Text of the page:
For today’s holiday recipe post, we are venturing from fruit a bit and focusing on another seasonal ingredient: the pumpkin! Enjoy!
Pumpkin Flan with candied seeds
For the caramel:
1 cup sugar
For the flan:
2 cups canned or baked pumpkin or (preferably) squash
14 oz. sweetened condensed milk
2 tablespoons (packed) brown sugar
2 teaspoons ground cinnamon
1 ½ teaspoons ground ginger
½ teaspoon ground allspice
¼ teaspoon ground cloves
4 large eggs
6 large egg yolks
2 cups whipping cream
1 ½ teaspoons vanilla extract
Melt sugar to create caramel. Coat the mold (ungreased 7-8 cup dish or pudding mold) with the caramel. Process the other ingredients and pour into the prepared mold.
Bake mold in 325°F oven in water in baking pan about 2 hours 10 minutes =OR= (preferably) set mold in larger covered pan of water on stove top and boil gently for about 2 hours. First, set an inverted saucer or rack under the mold to prevent the direct contact of the mold and the bottom of the pan which could otherwise burn the caramel on the bottom of the mold. Custard is set when center temperature reaches 175° F.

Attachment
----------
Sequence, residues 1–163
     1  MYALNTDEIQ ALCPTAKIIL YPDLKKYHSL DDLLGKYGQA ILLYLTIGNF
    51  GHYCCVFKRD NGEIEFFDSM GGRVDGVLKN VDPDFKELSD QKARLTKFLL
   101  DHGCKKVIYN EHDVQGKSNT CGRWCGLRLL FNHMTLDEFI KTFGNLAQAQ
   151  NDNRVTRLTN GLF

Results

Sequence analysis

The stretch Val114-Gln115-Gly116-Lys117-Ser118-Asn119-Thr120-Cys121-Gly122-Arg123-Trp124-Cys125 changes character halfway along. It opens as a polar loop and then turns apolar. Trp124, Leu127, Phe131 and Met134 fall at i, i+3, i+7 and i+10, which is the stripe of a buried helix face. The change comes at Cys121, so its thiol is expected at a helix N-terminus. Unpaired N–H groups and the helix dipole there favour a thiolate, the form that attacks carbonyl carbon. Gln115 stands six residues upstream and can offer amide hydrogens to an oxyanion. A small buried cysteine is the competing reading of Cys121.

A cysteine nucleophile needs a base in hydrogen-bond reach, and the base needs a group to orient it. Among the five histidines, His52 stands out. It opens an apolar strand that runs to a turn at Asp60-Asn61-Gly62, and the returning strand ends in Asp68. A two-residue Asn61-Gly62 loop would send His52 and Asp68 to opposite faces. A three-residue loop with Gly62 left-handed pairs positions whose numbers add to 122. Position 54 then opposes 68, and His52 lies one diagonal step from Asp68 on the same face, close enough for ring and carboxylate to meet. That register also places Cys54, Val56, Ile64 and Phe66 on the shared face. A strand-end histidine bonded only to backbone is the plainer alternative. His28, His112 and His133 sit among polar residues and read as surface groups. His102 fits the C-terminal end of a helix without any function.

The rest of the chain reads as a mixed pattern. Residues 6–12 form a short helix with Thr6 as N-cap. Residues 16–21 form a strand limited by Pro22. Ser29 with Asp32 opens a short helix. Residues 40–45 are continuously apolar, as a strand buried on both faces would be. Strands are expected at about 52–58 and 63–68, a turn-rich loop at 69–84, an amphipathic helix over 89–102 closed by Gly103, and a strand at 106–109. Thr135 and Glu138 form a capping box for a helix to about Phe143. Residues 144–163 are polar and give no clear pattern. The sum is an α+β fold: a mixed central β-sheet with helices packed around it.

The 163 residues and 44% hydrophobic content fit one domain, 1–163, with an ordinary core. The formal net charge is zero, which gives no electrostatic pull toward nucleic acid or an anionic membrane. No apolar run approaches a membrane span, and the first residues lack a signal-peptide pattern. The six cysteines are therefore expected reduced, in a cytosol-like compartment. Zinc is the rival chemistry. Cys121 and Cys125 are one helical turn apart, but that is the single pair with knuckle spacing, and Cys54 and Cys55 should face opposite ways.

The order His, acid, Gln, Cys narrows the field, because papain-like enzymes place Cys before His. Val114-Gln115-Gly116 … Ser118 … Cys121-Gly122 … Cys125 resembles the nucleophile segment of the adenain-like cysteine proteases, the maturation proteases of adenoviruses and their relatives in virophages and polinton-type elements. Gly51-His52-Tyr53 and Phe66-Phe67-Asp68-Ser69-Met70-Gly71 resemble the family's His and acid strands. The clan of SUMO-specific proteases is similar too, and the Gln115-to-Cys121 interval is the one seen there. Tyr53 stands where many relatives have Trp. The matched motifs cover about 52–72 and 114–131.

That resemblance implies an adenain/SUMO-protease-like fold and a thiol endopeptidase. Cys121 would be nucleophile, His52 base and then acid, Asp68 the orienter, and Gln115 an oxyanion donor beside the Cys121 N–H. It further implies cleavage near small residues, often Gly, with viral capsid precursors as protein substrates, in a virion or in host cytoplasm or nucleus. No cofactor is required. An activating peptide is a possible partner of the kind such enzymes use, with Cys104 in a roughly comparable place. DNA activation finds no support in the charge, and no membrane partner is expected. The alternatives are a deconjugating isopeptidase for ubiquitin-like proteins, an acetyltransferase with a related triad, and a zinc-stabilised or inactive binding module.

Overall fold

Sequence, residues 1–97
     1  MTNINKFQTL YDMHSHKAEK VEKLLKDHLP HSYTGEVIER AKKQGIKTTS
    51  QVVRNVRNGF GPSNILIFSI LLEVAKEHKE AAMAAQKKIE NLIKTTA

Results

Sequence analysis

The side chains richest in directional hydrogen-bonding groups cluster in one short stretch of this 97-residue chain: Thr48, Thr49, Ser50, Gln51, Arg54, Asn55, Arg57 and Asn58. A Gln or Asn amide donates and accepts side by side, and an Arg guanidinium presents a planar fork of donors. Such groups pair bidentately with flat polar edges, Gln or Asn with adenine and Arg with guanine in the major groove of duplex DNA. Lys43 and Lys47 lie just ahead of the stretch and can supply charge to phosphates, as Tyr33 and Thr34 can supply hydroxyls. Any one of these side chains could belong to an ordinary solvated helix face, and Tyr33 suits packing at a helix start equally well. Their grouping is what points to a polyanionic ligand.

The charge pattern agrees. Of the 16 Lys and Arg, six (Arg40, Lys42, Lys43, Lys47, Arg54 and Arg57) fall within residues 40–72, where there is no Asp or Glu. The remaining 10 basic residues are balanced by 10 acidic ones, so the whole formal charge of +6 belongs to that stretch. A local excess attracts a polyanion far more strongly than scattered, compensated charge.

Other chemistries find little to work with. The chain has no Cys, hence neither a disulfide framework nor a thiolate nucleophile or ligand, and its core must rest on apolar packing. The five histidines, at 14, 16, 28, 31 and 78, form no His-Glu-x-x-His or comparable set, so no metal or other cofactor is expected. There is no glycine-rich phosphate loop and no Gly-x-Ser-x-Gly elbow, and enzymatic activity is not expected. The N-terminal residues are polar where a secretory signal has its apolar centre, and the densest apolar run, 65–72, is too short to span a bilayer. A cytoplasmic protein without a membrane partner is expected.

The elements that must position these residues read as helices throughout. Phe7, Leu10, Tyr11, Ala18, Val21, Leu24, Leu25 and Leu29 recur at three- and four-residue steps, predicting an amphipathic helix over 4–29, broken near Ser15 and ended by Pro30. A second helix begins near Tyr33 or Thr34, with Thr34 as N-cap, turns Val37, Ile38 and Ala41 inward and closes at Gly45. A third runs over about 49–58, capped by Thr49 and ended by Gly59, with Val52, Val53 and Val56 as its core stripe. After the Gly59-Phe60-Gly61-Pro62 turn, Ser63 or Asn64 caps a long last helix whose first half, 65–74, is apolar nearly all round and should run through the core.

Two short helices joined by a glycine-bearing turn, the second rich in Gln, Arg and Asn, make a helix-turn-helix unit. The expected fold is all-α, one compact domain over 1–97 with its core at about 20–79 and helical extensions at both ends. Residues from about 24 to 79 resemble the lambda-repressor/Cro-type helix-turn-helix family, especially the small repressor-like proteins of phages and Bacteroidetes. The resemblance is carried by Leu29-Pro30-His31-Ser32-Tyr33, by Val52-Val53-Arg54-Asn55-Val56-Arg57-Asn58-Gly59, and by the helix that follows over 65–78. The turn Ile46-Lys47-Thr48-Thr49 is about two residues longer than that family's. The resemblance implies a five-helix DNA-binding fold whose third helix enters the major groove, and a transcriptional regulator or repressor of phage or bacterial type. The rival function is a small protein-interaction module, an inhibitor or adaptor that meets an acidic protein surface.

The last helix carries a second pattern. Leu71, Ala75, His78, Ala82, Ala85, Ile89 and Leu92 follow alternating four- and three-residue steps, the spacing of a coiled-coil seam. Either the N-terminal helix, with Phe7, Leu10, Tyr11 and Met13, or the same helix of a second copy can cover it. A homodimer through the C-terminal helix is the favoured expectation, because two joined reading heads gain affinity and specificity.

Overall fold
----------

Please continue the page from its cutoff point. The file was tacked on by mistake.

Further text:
Cool 1 hour; transfer to refrigerator and chill until very cold, preferably overnight. Invert flan onto serving dish. Sprinkle with candied pumpkin seeds just before serving.
Candied pumpkin seeds
Two sheets of parchment paper at least 8 inches square
1 tablespoon butter
2 tablespoons sugar
½ teaspoon cumin
¼ teaspoon paprika
¼ teaspoon paprika
¼ teaspoon cayenne
¼ teaspoon salt
Melt one tablespoon of butter in a heavy saucepan over moderate heat. Sit in two tablespoons of sugar. Cook without stirring until sugar is caramelized. Add seeds. Cook, stirring, until golden. Add ½ teaspoon cumin, ¼ teaspoon paprika, ¼ teaspoon paprika, ¼ teaspoon cayenne, and ¼ teaspoon salt. If mixture crystallizes, slightly reduce heat and continue stirring until it caramelizes again. Transfer to one sheet of parchment paper set on a heat-proof cutting board and cover with second sheet. Use a rolling pin to flatten the caramelized seeds gently until the candied mixture is no thicker than the individual seeds themselves. Let cool and then break apart.
The candied seeds are great on their own, like a brittle or over ice cream.
This recipe contributed by Hazel Singer, vice president, City Fruit Board of Directors.